3 Things to Know That Could Save Your Life in a Flash Flood

3 Things to Know That Could Save Your Life in a Flash Flood

Flash floods are some of the deadliest weather events in Australia, and they’re becoming more common under climate change. While you may not be able to prepare for every emergency, there are some things you can do to reduce your risk of dying or needing rescue in flooding.

When there’s heavy rainfall in a short period of time, flash flooding can occur, sometimes within mere minutes. Floods are nothing new, but the warming climate is causing heavy rains to occur more frequently and to drop more water.

1. Never walk or drive through flood waters

Because flash floods develop so quickly, people living near areas that are newly prone to these floods may not take the initial shallow water seriously. More than half of flood-related deaths occur inside of vehicles, said Kate Abshire, the national flash flood services lead for the National Weather Service. She explained that cars become “metal bubbles” during flash floods, and once a vehicle is swept away, it’s difficult for passengers to get out safely.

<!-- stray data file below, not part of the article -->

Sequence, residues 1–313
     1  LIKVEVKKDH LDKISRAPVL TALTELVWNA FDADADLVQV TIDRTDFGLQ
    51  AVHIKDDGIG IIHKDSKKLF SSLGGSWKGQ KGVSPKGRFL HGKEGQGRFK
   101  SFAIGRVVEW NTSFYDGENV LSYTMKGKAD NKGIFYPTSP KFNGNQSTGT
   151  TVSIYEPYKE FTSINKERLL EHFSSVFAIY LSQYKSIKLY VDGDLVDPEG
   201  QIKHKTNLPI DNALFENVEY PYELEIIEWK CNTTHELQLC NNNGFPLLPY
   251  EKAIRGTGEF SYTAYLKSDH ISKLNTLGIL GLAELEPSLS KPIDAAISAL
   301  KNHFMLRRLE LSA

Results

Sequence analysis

“We have the ‘turn around don’t drown’ slogan for a reason. It only takes six inches of moving water to sweep someone off their feet and 18 inches to float a vehicle,” Abshire said. “It’s often very difficult to assess the depth of the water if it’s running muddy. Take alternative routes. Don’t drive through the flood waters.”

If you do not have to go out during heavy rain, it’s best to stay where you are. If the worst does happen and you find yourself in a car in rising water, ABC News has published tips for what steps to take, including rolling your windows down as soon as possible and moving to the roof of the vehicle.

2. Know your evacuation routes

So, we’ve just said to stay where you are — but what if you need to evacuate? Knowing alternative routes ahead of time can help get you safely away from a flooded area, especially when a main road is unusable. Look up different highways and roads near you, and save some of those directions on your phone. Share the information with friends and family so that they know where you’ll be headed, in case you end up needing help.

If you aren’t sure what routes are likely to be safe, try searching “[your city name] flood map,” which should lead you to local tools for seeing where in your community is at higher risk of flooding.

3. Know how to get emergency alerts and weather updates

Follow online accounts like national weather services or the BOM Twitter accounts.

You can also download the BOM weather app which details all the various weather warnings available.

Your mobile phones built-in weather apps should also have weather warnings and updates.

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